Brown, Haden: Game Within Game

Sunday notebook also includes items on Ray Horton, Jason Worilds, and The Bug Boy.

Steelers offensive coordinator Todd Haley called Joe Haden of the Cleveland Browns "the best cornerback we've seen this year."

So maybe he can slow down Antonio Brown.

* The Steelers' split end is leading the NFL with 74 catches and is fifth with 952 yards.

* He's caught a pass in 50 consecutive games, including postseason, and is coming off back-to-back 100-yard games.

* Brown, in fact, had 105 yards in the first quarter on his way to 147 against the Detroit Lions.

* His receptions and yardage through 10 games are second in team history to the eye-popping numbers Buddy Dial put up in 1963, when Dial finished with 60 catches for 1,295 yards in a 14-game season.

* Brown is on pace for 118 catches for 1,523 yards, which would break team records of 112 receptions (Hines Ward) and 1,398 receiving yards (Yancey Thigpen).

Those are reasonable expectations for Brown, unless Haden knocks him off pace.

"I think that Haden is a heck of a player," said Haley. "He has great feel, instincts and speed. He's a complete package, and it has shown up against some of the big-time receivers that he has faced. Go as far back as last week, and you see a guy that rises up to the occasion to play against good receivers. Antonio has a great challenge ahead of him, so he has to play his best game."

Haden was the seventh pick of the 2010 draft out of Florida, while Brown was the 195th pick that year out of Central Michigan.

As Mike Tomlin likes to say, it doesn't matter how you got here, what matters is you're here. And both are playing at All-Pro levels.

"He's a really good talent," Haden said of Brown. "He is fast, quick and he has really good hands. He runs really good routes. He is different than other receivers I've gone up against, because he is a lot smaller and a lot quicker. That's one thing he does really well, just being really quick and running really good routes."


Haden also has respect for his new coordinator, Ray Horton, who coached defensive backs in Pittsburgh from 2004 through 2010. In his first year as defensive coordinator in Cleveland, the Browns are the fourth-ranked defense in the NFL.

"It's really cool playing under him. He's a really good coach," Haden said. "He knows exactly what he's talking about. He is very realistic in what he asks his players to do. He likes our input. He likes to hear what defenses we like to call. If we don't feel comfortable with it, he pulls it out. He is a player's coach, and we like that a whole lot."

Does Horton talk about his days in Pittsburgh?

"No," Haden said. "You wouldn't even know he coached there if you didn't know his history." Horton runs a 3-4 in Cleveland that's "very similar" to the one Dick LeBeau runs in Pittsburgh, according to Browns Coach Rob Chudzinski.

"The scheme has stood the test of time," Chudzinski said. "Both Ray and Dick are outstanding coaches, but each one of them has their own little wrinkles and personality in how they put the defense together and how they call it. It'll be interesting, and that will be certainly something in the game that will be fun to watch."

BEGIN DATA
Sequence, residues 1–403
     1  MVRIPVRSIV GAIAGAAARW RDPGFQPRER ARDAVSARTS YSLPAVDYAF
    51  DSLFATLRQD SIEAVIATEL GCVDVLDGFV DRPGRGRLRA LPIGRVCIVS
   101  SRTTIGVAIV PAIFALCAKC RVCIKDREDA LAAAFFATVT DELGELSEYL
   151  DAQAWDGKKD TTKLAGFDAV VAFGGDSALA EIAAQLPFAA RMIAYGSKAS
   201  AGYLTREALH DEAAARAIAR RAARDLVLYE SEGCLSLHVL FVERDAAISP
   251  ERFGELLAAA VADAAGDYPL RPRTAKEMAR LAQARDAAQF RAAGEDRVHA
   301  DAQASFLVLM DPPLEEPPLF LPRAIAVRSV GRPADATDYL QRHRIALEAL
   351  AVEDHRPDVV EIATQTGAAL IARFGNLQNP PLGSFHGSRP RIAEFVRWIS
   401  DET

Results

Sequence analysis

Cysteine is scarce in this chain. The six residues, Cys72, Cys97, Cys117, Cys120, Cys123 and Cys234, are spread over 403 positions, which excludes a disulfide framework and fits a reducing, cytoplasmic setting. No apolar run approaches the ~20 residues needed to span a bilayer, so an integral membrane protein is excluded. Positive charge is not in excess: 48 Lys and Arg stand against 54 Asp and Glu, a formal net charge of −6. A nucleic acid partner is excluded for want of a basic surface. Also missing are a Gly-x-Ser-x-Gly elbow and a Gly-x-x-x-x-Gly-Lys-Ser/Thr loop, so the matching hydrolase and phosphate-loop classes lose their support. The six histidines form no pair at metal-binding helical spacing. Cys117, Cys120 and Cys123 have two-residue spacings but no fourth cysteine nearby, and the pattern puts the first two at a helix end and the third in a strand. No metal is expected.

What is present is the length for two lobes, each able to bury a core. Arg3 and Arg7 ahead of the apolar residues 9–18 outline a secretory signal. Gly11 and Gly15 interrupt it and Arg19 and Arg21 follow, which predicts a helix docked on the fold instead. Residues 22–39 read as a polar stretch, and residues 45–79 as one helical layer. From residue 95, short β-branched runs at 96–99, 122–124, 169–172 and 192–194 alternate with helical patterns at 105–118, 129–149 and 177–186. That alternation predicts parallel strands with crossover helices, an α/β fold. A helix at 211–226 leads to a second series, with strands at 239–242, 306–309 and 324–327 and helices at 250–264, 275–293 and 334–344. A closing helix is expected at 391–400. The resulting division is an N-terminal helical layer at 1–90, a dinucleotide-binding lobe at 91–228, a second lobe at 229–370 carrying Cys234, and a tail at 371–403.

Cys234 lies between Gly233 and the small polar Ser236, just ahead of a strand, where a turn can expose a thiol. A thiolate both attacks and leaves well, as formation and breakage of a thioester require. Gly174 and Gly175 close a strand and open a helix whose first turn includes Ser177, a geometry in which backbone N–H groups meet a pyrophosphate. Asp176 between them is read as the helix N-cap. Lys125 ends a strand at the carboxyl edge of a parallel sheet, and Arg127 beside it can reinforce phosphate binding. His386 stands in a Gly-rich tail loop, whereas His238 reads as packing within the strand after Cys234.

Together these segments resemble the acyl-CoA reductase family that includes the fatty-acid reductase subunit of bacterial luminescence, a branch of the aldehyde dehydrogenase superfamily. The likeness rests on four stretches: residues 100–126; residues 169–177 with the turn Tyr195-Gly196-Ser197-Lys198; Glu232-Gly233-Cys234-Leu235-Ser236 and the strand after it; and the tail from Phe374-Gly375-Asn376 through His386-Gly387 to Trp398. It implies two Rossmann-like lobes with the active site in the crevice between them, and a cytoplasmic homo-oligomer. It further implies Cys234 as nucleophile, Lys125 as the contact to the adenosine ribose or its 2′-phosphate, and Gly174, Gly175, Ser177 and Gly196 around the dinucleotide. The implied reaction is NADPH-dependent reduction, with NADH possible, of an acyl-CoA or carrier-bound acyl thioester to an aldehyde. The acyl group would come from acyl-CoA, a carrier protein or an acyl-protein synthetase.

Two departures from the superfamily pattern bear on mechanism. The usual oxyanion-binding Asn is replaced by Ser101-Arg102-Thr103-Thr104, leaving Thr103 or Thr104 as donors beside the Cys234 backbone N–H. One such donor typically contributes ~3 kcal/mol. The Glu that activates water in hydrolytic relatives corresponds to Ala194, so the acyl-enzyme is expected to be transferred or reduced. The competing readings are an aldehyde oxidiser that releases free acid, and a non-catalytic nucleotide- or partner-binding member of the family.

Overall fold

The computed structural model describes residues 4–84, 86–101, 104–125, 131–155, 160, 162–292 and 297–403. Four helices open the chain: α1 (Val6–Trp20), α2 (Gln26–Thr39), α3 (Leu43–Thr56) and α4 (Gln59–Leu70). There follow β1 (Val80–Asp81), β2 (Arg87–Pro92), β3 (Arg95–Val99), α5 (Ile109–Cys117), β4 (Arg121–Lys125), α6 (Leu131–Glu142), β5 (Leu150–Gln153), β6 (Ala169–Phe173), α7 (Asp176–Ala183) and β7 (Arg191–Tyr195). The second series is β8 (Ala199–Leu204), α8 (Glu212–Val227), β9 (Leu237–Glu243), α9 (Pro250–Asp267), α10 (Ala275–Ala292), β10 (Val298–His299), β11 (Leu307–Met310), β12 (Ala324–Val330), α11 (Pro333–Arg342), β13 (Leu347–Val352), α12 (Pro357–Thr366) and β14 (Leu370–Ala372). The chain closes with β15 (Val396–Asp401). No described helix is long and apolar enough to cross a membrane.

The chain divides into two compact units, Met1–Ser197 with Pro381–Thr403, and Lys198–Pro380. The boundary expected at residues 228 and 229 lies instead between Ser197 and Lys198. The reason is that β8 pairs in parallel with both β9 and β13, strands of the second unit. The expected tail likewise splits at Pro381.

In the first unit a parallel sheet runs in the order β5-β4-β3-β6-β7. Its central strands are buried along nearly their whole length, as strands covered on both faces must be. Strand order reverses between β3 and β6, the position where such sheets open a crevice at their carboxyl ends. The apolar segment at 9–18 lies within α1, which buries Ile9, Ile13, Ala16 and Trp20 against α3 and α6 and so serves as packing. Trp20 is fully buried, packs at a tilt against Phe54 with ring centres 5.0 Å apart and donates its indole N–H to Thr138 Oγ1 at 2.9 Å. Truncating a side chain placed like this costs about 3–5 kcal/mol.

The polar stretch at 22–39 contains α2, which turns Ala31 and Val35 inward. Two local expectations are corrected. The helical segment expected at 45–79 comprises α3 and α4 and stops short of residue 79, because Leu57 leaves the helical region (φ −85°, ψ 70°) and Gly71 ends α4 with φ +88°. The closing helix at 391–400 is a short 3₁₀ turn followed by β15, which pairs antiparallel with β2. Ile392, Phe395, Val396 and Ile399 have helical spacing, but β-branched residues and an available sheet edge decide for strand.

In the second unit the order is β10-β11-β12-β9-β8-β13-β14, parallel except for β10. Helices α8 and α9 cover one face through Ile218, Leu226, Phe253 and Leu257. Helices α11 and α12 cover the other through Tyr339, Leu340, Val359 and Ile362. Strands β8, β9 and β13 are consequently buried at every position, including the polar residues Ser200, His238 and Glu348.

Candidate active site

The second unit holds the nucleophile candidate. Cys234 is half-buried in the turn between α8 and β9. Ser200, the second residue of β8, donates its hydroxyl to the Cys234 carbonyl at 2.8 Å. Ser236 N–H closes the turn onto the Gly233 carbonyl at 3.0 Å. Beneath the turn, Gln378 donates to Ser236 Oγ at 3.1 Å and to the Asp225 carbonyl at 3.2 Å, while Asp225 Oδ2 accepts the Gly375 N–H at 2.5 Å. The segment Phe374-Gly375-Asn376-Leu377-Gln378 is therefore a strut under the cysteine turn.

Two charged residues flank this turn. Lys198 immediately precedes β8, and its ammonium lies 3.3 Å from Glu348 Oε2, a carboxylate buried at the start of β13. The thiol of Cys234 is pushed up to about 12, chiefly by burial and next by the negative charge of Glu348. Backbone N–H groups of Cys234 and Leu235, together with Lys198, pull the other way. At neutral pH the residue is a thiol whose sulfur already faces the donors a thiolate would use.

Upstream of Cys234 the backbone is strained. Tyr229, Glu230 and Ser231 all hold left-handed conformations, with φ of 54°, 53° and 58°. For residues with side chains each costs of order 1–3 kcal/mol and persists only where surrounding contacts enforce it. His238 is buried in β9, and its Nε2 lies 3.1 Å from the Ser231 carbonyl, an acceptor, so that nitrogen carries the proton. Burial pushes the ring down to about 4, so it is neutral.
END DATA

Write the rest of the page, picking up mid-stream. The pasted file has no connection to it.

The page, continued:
Left outside linebacker LaMarr Woodley is questionable for today's game with a calf injury. If he can't play, Jason Worilds will slide over to the side he played in college, and the side on which he's more comfortable. Rookie Jarvis Jones would have the blind side to himself.

"Jason has been real productive on both sides," said LeBeau. "The big sack that he had that was almost a safety was on the right side. Jason has got good speed and a good burst and he can play on both sides. He had to play on both sides last year, and being our swing outside linebacker he played almost the whole season, some left and some right. I think he's pretty much at home on both sides of the ball."

Worilds has four sacks and trails Woodley by only one for the team lead. Worilds has 14 career sacks in a four-year career that's included only 16 starts. Worilds leads Woodley in QB pressures this season, 15-14.


Haley was asked whether he makes alternate plans when bad weather is forecast.

"I learned this a long time ago from Coach Bill Parcells, you better always have a four-minute/bad weather plan, because you never know what you are going to get," Haley said. "Going to Cleveland, you never know what you are going to get. Some of the no-huddle conversations revolve around some of that. We have a great mudder, so to speak, in Ben (Roethlisberger), who likes to play and executes well in bad weather, which you are really happy to have. At the same time, conditions could get to the point where you better have a plan that involves a lot of big people."

Big people?

"If you have to get into that slug it out," Haley said, "you put 10 big guys in there and pound it up inside. You saw that in the Chicago and Baltimore game last week. When the weather gets to a point, it's going to be hard to execute with the ball in the air much."

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